They woke him up.
We are perishing!’
Jesus woke up.
He rebuked the wind
And the raging waves.
There was a calm.”
προσελθόντες δὲ διήγειραν αὐτὸν λέγοντες Ἐπιστάτα ἐπιστάτα, ἀπολλύμεθα. ὁ δὲ διεγερθεὶς ἐπετίμησεν τῷ ἀνέμῳ καὶ τῷ κλύδωνι τοῦ ὕδατος· καὶ ἐπαύσαντο, καὶ ἐγένετο γαλήνη.
Luke said that the disciples went to Jesus (προσελθόντες). They woke him up (δὲ διήγειραν αὐτὸν), shouting at him (λέγοντες) “Master (Ἐπιστάτα)! Master (Ἐπιστάτα)! We are perishing (ἀπολλύμεθα)!” Jesus then woke up (ὁ δὲ διεγερθεὶς). He rebuked (ἐπετίμησεν) the wind (τῷ ἀνέμῳ) and the raging water waves (καὶ τῷ κλύδωνι τοῦ ὕδατος), so that they ceased (καὶ ἐπαύσαντο). Finally, there was a calm sea (καὶ ἐγένετο γαλήνη). This waking of Jesus and calming the waters can be found in Matthew, chapter 8:25-26, and Mark chapter 4:38-39, in a somewhat similar fashion. Matthew said that these disciples went to wake up Jesus. They cried out to him calling him “the Lord (Κύριε)”. They wanted to be saved or rescued, because they were dying or facing certain death. They were definitely afraid and scared. After waking up, Jesus then turned to his followers and asked them why they were afraid. Was it because they had little faith? The unfaithful “ὀλιγόπιστοι” was a favorite word of Matthew. Then Jesus got up. He then rebuked or admonished the winds and the sea itself, so that there was a great calm in the air and on the sea. Jesus called out his disciples for their lack of faith or trust, while showing his great power. Mark was not as frantic, but he had more details. He said that Jesus was in the stern or the back of the boat, sleeping on a cushion. The disciples woke up Jesus as Mark said that they called Jesus “Teacher (Διδάσκαλε).” They said that Jesus did not care if they were perishing, or facing certain death. They were definitely afraid and scared. Notice that they did not call Jesus “Lord, Κύριε” as in Matthew, but rather “Teacher, Διδάσκαλε.” Mark said that after Jesus woke up, he then rebuked or admonished the wind. Then he spoke to the sea itself, as he told the sea to be silent, peaceful, and still Thus, the wind abated or was still. There was a great calmness in the sea. Do you believe that God controls the wind and the sea?
He rebuked the wind.
He said to the sea.
Then the wind ceased.
There was a dead calm.”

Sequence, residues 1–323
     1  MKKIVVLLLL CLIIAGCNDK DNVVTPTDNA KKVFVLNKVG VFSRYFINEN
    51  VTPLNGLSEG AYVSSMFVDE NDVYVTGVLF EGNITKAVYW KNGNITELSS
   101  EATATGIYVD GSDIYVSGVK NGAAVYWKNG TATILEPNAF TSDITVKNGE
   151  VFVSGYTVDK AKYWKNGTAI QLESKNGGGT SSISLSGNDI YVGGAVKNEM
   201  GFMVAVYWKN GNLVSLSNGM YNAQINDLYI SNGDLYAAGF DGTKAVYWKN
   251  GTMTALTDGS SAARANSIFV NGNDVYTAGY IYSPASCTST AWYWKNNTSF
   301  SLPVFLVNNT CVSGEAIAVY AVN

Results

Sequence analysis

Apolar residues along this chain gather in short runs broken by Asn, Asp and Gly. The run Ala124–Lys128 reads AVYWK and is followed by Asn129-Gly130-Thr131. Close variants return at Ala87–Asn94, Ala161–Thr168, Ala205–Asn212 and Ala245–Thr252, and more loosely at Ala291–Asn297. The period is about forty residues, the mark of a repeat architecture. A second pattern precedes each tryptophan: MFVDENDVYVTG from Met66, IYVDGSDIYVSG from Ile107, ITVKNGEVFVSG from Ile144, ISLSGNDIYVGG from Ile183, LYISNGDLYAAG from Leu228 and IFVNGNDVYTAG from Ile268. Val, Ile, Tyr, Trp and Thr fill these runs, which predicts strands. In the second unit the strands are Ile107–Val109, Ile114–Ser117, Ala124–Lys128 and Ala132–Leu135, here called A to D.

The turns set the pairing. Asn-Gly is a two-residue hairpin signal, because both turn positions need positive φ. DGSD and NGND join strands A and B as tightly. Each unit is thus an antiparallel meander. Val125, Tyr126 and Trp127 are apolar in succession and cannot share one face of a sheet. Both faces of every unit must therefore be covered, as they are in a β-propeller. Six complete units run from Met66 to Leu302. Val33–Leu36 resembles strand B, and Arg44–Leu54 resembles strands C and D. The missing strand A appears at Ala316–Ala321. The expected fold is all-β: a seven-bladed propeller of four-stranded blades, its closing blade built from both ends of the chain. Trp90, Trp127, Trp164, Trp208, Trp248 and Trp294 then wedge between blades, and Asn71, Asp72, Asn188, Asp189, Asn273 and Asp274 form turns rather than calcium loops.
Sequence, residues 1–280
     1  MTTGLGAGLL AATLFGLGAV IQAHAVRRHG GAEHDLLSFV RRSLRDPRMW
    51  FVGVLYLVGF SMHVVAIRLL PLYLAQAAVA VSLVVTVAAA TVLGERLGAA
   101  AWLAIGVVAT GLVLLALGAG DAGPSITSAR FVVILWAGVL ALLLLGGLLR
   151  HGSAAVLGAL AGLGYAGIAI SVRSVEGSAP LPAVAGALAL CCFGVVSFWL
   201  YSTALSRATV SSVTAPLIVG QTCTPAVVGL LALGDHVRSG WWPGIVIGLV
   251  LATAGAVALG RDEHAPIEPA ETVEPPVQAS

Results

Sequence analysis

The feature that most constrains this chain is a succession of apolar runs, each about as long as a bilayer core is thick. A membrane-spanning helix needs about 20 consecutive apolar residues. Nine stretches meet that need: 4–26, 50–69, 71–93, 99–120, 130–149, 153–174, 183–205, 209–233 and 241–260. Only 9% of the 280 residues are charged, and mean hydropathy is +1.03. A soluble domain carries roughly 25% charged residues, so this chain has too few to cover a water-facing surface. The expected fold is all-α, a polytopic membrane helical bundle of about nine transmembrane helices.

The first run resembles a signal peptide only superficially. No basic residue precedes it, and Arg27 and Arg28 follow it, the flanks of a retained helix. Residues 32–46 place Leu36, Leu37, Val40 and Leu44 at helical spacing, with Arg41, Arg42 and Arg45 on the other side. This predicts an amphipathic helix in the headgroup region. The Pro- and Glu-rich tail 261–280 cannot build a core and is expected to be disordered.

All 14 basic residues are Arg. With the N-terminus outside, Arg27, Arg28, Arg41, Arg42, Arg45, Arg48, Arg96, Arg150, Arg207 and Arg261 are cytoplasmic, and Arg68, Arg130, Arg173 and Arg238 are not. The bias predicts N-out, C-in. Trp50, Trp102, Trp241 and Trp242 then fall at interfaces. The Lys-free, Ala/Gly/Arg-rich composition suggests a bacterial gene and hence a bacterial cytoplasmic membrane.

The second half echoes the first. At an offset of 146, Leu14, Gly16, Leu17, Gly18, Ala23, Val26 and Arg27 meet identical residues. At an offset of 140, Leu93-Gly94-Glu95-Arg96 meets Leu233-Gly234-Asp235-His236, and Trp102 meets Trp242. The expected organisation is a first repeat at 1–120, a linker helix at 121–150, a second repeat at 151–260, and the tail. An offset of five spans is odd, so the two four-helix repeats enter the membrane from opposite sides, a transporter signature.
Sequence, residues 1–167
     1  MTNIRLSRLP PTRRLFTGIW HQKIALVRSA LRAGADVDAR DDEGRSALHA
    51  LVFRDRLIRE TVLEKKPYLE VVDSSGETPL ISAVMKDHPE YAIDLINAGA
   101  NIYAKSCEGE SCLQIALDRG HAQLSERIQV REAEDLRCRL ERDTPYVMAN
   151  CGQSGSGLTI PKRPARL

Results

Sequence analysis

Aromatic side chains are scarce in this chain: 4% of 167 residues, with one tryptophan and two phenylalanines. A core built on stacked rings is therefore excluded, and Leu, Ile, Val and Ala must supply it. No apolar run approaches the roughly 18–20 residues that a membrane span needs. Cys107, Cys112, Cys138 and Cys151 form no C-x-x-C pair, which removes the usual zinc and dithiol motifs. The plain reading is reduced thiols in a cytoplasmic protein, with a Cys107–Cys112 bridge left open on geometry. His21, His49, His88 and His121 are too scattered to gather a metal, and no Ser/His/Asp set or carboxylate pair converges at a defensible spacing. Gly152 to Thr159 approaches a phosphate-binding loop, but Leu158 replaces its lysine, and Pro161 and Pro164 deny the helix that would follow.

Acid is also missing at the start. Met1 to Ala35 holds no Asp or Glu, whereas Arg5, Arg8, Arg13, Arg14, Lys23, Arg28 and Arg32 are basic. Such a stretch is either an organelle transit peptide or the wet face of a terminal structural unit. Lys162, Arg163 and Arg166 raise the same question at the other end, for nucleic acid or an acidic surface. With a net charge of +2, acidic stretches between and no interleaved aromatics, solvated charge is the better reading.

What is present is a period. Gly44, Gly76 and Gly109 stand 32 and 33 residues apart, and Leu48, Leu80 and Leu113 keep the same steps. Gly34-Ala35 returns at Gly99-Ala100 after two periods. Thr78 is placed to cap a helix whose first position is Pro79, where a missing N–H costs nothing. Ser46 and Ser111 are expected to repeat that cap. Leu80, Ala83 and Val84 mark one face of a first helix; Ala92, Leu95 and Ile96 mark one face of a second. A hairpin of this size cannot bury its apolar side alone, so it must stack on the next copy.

καὶ διεγερθεὶς ἐπετίμησεν τῷ ἀνέμῳ καὶ εἶπεν τῇ θαλάσσῃ Σιώπα, πεφίμωσο. καὶ ἐκόπασεν ὁ ἄνεμος, καὶ ἐγένετο γαλήνη μεγάλη.
This response of Jesus can be found in Matthew, chapter 8:26, and Luke, chapter 8:24, in a somewhat similar manner. Mark said that after Jesus woke up (καὶ διεγερθεὶς), he then rebuked or admonished (ἐπετίμησεν) the wind (τῷ ἀνέμῳ). Then he spoke to the sea itself (καὶ τῇ θαλάσσῃ), as he told the sea to be silent, peaceful, and still (Σιώπα, πεφίμωσο). Thus, the wind abated or was still (αὶ ἐκόπασεν ὁ ἄνεμος) and there was a great calmness in the sea (καὶ ἐγένετο γαλήνη μεγάλη).
“Then Joseph got up.
He took the child
With his mother,
They withdrew to Egypt.
He remained there,
Until the death of Herod.”
ὁ δὲ ἐγερθεὶς παρέλαβεν τὸ παιδίον καὶ τὴν μητέρα αὐτοῦ νυκτὸς καὶ ἀνεχώρησεν εἰς Αἴγυπτον,
καὶ ἦν ἐκεῖ ἕως τῆς τελευτῆς Ἡρῴδου·
Joseph woke up (ὁ δὲ ἐγερθεὶς) from his sleep after the dream of the angel of the Lord. Then at night (νυκτὸς), he took the child with his mother (παρέλαβεν τὸ παιδίον καὶ τὴν μητέρα αὐτοῦ). They went or withdrew into Egypt (ἀνεχώρησεν εἰς Αἴγυπτον), just as he had been told to do. Joseph clearly followed the instructions that he got in his dream. He took his whole family, without hesitation, under the cover of darkness at night, into an unknown place in Egypt. They stayed someplace in Egypt (ἦν ἐκεῖ ἕως), until Herod would die (τῆς τελευτῆς Ἡρῴδου). There is no indication of where they went in Egypt.
“Thereupon I awoke.
I looked around.
Was pleasant to me.”
In the midst of all these oracles of Yahweh, Jeremiah found time to get some sleep. When he woke up, he looked around. His sleep had been very pleasant. He had been reassured that Israel and Judah would be restored.
“He abandoned his dwelling at Shiloh,
The tent where he dwelt among mortals.
He delivered his power to captivity.
He delivered his glory to the hand of the foe.
He gave his people to the sword.
He vented his wrath on his heritage.
Fire devoured their young men.
Their girls had no marriage song.
Their priests fell by the sword.
Their widows made no lamentation.
Then Yahweh awoke as from sleep,
Like a warrior shouting because of wine.
He put his adversaries to rout.
He put them to everlasting shame.”
This is a reference to 1 Samuel, chapter 4, about the Ark of the Covenant at Shiloh. This was when the Philistines defeated the Israelites. Things were looking bad for Israel. God was angry at them. People died by the sword. Fire destroyed their young men so that the young girls had no marriage songs. The priests died by the sword, but somehow the widows were not able to mourn. Finally Yahweh woke up as if he were asleep. He then shouted like a warrior full of wine. God then put the adversaries of Yahweh to rout in everlasting shame.
“Therefore the people turn and praise them.
They find no fault in them.
‘How can God know?
Is there knowledge in the Most High?’
Such are the wicked.
They are always at ease.
They increase in riches.
All in vain have I kept my heart clean.
I have washed my hands in innocence.
All day long I have been plagued.
I am punished every morning.”
Asaph, the psalmist warned that people were praising these wicked people. No one seemed to find fault in what they were doing. The people were saying how can God not know about this since he is the most high one. The wicked ones seem to be at ease as they increase their wealth. Asaph maintained that he had kept his heart clean in vain. He had washed his hands in innocence. However, all day long he suffered from illness. He was punished every morning as he woke up.